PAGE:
The details in this chapter — numbers, ages, rituals — are a bit annoying, but the rhythm of reading something and letting it pass through one eye and out the other without any pause for thought is rather soothing. I suppose this zombie-like repetition has modern appeal as it compliments much of 21st Century fiction. (It should be noted that I loved Nora Roberts when I was in fifth grade. She gives some  great tutorials about the synchronicity of bells and whistles.)

I’ve reached the “Lord Sends Quails” section. The correlating drawing of people chasing quail is amazing. I can’t find this drawing on the web, but this little nugget relates to one of my favorite national political headlines of 2006, the year Mr. Dick Cheney shot one of his supporters while quail hunting.

Oddly enough, the rest of the piece is about whiners and how they should stop pissing and moaning. Oh so appropriate given my state of mind. The people spent so much time complaining that God gave Moses a complaint department of 70 people and devoted two sections — “The People Complain” and “The Lord Punishes the People for Complaining” — to the matter. Punishments for complaints include death, 40 years of suffering, abandonment in the wilderness, fire, being swallowed by the earth, plague and attack by poisonous snakes.

Message received.

Did the turn-to-the-Bible experiment work? I suppose. The coincidence is rather interesting and did improve my mood. Maybe in a few weeks I’ll give this another try and measure results.

Question. I’m writing this from the Michigan State University (MSU) library. Do men really use the stacks to relieve certain tensions? That’s just fantastic.

Stopping Point: Numbers 27

Leviticus is very interesting in that it outlines various traditions, rules and consequences as defined by God. As with sections of Exodus, I sort of CliffsNoted my way through the boring stuff. But in those more than 30 pages, I found some value and many exceptions.

I’m not particularly adept at following rules be they legal, moral or social. I follow the ones I find most beneficial — wearing a seatbelt (if I’m in the front seat), applying sunblock (after succumbing to summer’s inaugural burn), taking care of those I love (but only if they’re not pissing me off), keeping my hands off the property of others (a few mishaps here) and respecting the lives of others (see section 1A for a complete library of addendums). I obey rules and laws sidelined with consequences I prefer to avoid  — paying taxes (um…), voting (soon to join the do-not-follow section) and killing (of large animals). And I disregard the ridiculous — respecting misplaced stop signs (when cops are not around), succumbing to obligation (unless it includes intoxication) and expressing kindness toward strangers (see section 1B for specifics).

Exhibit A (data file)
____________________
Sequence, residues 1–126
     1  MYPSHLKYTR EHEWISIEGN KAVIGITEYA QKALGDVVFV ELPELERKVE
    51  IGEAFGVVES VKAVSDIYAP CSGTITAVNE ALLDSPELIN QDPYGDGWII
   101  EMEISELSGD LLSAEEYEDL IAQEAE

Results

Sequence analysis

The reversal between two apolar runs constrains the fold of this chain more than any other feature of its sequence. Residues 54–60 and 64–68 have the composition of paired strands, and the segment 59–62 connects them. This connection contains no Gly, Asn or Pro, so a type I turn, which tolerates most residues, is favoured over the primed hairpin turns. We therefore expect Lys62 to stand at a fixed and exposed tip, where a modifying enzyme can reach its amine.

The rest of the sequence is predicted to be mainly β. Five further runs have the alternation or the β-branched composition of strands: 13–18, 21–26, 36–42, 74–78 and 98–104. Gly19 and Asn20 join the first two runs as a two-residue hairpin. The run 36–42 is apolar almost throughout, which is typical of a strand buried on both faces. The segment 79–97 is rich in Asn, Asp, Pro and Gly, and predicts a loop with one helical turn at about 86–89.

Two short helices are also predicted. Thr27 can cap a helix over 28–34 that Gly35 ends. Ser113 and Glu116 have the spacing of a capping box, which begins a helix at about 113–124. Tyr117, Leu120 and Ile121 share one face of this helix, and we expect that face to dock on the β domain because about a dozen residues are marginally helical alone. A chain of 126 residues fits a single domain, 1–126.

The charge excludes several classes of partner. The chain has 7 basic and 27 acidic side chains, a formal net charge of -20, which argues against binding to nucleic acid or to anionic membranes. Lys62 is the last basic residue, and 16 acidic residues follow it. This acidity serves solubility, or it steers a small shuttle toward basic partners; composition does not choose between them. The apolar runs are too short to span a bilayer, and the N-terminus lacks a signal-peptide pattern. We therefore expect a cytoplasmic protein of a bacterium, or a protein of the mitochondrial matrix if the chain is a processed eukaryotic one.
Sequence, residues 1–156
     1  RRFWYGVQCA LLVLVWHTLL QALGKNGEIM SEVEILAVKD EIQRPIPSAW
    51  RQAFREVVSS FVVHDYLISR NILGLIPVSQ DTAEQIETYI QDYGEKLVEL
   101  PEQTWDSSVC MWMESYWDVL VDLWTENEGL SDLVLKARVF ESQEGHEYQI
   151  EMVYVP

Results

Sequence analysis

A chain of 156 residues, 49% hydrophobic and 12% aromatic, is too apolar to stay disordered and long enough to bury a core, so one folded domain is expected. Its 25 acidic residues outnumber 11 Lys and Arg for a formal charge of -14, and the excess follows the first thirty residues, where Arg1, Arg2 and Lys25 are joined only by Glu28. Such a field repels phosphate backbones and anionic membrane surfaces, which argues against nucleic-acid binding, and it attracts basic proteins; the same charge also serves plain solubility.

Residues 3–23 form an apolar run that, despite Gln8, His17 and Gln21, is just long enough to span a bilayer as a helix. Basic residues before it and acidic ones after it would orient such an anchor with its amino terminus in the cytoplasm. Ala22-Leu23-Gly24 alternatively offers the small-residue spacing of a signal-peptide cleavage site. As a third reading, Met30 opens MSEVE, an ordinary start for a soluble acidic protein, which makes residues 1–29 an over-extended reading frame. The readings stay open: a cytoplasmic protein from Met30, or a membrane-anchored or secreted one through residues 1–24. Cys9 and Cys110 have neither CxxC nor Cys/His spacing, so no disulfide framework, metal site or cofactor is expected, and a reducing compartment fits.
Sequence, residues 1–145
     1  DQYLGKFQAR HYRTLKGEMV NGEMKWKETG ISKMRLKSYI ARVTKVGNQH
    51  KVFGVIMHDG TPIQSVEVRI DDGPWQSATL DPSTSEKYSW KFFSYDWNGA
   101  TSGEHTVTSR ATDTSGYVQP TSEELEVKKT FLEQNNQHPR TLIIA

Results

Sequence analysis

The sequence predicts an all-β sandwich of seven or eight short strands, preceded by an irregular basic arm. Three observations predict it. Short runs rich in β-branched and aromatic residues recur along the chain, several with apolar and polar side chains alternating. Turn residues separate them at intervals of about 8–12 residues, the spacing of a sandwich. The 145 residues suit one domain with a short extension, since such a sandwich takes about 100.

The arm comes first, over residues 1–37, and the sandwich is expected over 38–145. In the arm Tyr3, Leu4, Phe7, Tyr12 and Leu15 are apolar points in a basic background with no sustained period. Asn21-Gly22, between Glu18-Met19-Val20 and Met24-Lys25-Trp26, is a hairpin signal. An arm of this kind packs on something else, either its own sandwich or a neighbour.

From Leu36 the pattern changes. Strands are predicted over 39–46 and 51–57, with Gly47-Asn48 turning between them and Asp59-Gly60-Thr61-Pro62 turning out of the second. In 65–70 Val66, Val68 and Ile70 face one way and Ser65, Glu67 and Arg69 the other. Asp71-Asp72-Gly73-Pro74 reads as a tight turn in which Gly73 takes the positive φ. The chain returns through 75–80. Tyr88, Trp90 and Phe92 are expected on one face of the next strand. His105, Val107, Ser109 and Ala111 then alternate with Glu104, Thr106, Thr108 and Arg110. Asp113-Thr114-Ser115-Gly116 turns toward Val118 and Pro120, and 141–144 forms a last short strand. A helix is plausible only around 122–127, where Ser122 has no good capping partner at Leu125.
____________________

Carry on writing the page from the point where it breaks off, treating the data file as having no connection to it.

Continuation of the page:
My rules concerning rules are only consistent in devotion to exception. This, in effect, is Leviticus, a section of the Bible known for the “love your neighbor as you love yourself” commandment, one that gets lost in the quagmire of God’s laws, which are so confusing it’s nearly impossible to decipher right from wrong. (For the record, it took 30 pages before I noticed it’s “Le-vi-ti-cus,” not “Le-vic-tus.”)

Thankfully, a multitude of exceptions are wrapped up in these laws. I thrive on exceptions and therefore can place the following in my patchwork list of acceptable rules.  

1. Laws Concerning Skin Diseases: Yes, I agree that skin diseases are disgusting and an individual afflicted by such a disease should be examined and, if necessary, quarantined. Unless of course the affliction is ringworm and it happens to be on my leg.

2. Laws Concerning Mildew: Also disgusting, but wonderful if covered by insurance.

3. Unclean Bodily Discharges: Agree with the concept, not the fluids.

4. Laws of Holiness and Justice: This is generally good stuff — no cheating, no lying, no breaking promises, no holding grudges — and a perfect demonstration of the value of exception. Have you ever gone a week without cheating, lying, breaking a promise or holding a grudge? I have, but only if white lies and cheating at board games are classified as exceptions to the cheating and lying portion of holiness and justice.

5. Eye for an eye. Love it, but prefer the world follow it after I’m safely housed in a concrete bunker in a land far, far away.